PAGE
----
DeepLabv3+ Stream Processing Element (SPE) for rt-ai Edge

Integrating DeepLabv3+ with rt-ai Edge turned out to be pretty straightforward and follows from an existing TensorFlow-based Inception Stream Processing Element (SPE). The screen capture above shows an example of what it can do when given a video stream, where the DeepLab SPE has removed all pixels that aren’t part of recognized objects. This is why I am waving a bottle of beer about (and not because it is after 5pm). The PASCAL VOC dataset on which the model I am using has been trained can recognize a finite set of categories of objects. Waving a cow about didn’t seem practical hence the bottle. This is the original frame from the camera:

The DeepLab SPE also allows a specific category to be selected. In the case of the capture below, this was just the bottle:

On the right hand side of the media viewer screen you can see the metadata that has been generated by the DeepLab SPE. This is an example of how rt-ai Edge SPEs can be used to enhance the semantic content of data – video frames in this case.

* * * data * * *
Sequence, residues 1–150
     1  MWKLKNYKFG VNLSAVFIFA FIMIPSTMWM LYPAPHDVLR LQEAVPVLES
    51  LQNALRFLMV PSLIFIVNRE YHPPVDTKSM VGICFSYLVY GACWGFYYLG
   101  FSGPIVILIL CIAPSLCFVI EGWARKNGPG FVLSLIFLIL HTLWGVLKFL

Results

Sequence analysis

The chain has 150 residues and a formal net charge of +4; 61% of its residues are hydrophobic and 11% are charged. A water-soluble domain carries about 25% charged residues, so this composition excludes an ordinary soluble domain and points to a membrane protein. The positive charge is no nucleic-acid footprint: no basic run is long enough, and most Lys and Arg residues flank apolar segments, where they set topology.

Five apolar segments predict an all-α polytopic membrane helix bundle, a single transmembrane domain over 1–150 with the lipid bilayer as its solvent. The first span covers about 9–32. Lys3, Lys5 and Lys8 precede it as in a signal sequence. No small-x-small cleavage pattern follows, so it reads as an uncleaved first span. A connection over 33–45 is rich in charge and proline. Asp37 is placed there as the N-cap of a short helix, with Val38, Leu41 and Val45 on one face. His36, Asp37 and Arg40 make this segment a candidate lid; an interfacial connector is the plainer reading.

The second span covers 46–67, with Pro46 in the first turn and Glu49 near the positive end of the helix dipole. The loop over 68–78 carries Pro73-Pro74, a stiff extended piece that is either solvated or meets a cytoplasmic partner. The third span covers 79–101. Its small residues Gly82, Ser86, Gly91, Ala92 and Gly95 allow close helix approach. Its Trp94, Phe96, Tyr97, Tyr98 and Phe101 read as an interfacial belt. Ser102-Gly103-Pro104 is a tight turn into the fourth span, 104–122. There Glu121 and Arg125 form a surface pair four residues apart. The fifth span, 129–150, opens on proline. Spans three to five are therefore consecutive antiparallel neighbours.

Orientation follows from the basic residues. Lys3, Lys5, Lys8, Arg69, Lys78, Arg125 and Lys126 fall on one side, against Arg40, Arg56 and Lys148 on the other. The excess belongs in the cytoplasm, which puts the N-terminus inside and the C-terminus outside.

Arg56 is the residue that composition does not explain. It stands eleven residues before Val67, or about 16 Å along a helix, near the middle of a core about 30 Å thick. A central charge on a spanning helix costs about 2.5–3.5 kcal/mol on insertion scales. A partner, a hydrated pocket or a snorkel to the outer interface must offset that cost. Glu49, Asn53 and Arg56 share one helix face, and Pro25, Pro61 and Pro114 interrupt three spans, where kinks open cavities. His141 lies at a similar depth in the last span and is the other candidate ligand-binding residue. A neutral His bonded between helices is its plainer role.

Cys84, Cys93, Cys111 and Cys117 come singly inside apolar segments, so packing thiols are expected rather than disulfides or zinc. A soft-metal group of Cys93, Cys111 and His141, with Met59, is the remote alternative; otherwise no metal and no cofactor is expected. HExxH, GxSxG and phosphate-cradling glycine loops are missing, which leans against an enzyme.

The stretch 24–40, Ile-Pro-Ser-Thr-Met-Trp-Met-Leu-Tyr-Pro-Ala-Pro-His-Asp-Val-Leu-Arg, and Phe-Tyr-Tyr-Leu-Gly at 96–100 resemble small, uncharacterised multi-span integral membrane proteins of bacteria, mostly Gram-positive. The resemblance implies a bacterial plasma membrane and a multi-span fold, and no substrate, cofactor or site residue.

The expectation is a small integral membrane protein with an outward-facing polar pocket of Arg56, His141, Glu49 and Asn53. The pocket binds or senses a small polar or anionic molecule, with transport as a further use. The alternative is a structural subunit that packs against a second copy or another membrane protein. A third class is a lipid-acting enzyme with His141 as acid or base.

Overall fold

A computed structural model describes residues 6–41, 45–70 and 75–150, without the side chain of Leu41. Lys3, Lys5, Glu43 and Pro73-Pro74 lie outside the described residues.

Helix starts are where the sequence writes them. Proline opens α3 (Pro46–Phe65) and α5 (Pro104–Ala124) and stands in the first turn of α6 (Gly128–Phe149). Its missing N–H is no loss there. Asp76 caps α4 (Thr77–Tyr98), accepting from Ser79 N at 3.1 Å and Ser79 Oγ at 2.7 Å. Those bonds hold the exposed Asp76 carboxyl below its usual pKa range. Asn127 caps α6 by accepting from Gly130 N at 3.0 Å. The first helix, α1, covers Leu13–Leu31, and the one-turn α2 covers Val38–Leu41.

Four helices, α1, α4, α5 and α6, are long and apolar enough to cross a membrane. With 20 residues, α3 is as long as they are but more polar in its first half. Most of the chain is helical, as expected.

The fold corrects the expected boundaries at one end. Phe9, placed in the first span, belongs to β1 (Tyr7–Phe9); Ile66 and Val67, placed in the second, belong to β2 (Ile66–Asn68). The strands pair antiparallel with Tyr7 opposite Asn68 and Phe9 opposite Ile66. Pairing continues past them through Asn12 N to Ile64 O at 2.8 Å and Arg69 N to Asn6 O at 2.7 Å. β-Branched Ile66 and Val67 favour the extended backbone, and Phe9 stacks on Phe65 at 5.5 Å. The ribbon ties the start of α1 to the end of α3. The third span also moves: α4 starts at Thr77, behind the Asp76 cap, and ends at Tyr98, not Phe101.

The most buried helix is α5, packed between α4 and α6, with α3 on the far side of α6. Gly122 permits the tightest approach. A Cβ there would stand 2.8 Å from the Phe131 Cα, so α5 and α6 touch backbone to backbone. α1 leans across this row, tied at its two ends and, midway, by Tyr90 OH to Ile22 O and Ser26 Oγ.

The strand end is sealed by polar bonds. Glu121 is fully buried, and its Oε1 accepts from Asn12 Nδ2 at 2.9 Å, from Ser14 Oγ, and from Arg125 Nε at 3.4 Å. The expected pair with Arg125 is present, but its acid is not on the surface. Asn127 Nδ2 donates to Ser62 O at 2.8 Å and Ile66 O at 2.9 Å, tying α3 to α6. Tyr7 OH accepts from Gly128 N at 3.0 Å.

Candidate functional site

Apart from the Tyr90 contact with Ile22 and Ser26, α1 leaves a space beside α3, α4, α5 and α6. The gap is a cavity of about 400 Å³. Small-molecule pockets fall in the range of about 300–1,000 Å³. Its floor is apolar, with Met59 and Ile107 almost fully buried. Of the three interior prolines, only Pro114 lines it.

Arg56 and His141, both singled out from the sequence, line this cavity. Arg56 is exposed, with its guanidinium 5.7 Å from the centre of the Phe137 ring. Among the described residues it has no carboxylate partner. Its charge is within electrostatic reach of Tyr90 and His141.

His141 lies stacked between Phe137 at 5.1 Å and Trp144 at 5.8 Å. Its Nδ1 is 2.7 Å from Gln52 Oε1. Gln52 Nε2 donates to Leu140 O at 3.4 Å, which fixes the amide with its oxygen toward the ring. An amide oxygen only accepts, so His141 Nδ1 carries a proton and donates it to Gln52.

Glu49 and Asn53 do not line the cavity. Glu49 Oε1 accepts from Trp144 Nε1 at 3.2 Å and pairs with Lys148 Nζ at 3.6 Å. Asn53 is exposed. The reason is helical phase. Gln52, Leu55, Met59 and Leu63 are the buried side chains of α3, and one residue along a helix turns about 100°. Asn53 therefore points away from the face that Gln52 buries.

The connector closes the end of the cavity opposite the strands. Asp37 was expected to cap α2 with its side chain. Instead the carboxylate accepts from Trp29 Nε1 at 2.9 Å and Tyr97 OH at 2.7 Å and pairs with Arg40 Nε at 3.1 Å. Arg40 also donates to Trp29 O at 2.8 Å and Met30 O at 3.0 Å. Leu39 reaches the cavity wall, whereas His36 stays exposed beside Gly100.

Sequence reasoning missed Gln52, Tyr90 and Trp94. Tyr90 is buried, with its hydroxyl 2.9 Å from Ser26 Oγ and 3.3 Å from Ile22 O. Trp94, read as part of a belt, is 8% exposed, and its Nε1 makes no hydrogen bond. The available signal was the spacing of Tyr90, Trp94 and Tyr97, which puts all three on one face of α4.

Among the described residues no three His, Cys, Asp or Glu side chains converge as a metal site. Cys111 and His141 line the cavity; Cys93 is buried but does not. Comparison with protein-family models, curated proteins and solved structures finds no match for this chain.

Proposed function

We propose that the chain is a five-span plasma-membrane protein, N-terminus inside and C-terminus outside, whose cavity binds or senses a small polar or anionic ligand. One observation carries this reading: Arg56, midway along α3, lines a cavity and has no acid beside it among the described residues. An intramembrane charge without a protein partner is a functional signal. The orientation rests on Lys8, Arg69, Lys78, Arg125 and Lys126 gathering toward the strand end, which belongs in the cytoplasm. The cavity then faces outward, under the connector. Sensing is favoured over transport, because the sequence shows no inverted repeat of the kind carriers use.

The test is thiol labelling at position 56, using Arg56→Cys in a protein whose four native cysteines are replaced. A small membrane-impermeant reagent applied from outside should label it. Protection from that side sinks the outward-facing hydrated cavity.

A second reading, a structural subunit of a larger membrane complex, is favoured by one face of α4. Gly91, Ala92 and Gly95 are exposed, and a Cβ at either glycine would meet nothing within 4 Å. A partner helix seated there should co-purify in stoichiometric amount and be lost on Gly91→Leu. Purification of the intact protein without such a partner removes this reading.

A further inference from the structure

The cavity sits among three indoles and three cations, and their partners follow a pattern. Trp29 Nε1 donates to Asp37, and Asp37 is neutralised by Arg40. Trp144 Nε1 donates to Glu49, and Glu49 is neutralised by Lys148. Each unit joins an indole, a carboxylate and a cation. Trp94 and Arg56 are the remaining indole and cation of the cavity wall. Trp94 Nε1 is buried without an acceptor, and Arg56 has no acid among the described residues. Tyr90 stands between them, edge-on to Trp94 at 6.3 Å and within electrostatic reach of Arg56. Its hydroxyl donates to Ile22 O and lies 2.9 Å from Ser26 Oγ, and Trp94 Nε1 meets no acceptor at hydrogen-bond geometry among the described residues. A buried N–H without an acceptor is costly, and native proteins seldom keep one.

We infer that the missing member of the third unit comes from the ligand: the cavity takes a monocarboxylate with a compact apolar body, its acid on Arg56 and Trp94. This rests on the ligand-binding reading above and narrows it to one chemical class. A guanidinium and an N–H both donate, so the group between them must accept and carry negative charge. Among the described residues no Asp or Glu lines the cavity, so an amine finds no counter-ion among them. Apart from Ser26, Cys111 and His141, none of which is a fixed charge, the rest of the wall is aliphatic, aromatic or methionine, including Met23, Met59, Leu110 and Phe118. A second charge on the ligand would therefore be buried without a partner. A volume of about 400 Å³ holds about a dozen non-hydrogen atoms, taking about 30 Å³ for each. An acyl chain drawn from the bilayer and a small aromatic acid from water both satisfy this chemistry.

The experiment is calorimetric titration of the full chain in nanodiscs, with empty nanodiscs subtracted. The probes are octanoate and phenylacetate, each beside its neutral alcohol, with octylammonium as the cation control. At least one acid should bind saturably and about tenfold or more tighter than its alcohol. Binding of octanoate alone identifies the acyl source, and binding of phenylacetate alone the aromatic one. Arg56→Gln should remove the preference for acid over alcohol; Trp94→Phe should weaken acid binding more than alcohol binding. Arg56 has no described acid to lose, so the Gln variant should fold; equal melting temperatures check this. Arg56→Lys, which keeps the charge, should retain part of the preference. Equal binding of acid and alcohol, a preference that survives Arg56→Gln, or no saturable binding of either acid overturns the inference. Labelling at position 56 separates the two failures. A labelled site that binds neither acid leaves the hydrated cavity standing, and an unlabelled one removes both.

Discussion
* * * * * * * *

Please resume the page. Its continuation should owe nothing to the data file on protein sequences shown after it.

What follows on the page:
It is pretty easy to configure the DeepLab SPE using rtaiDesigner:

This is the design screen showing the fairly trivial flow used for this test. Cam is a webcam capture SPE, Audio is an audio capture SPE. The DeepLab SPE is connected in the flow between the capture SPE and the media view SPE.

An interesting feature of rt-ai Edge is how SPEs can be configured. An SPE consists of some code (Python scripts in these cases) and a module spec (mspec) file. The mspec file contains information about subscriber and publisher ports as well as a section that is used to generate a configuration dialog. An example for the DeepLab SPE module dialog is shown above. This is the mspec file that generated it:

{
    "ModuleType" : "DeepLab",

    "ModuleDialog" : {
        "DialogName" : "DeepLab",
        "DialogDesc" : "Settings dialog for DeepLab semantic segmentation",

        "DialogData" : [
            {
                "VarName" : "OutputFormat",
                "VarDesc" : "Output frame format",
                "VarType" : "ConfigSelection",
                "VarValue" : "0",
                "VarStringArray" : [{ "VarEntry" : "Color map"},{"VarEntry" : "Masked image" },{"VarEntry" : "Single category masked image" }]
            },
            {
                "VarName" : "Category",
                "VarDesc" : "Single category selector",
                "VarType" : "ConfigSelection",
                "VarValue" : "15",
                "VarStringArray" : [
                    {"VarEntry" : "background"},
                    {"VarEntry" : "aeroplane"},
                    {"VarEntry" : "bicycle" },
                    {"VarEntry" : "bird" },
                    {"VarEntry" : "boat" },
                    {"VarEntry" : "bottle" },
                    {"VarEntry" : "bus" },
                    {"VarEntry" : "car" },
                    {"VarEntry" : "cat" },
                    {"VarEntry" : "chair" },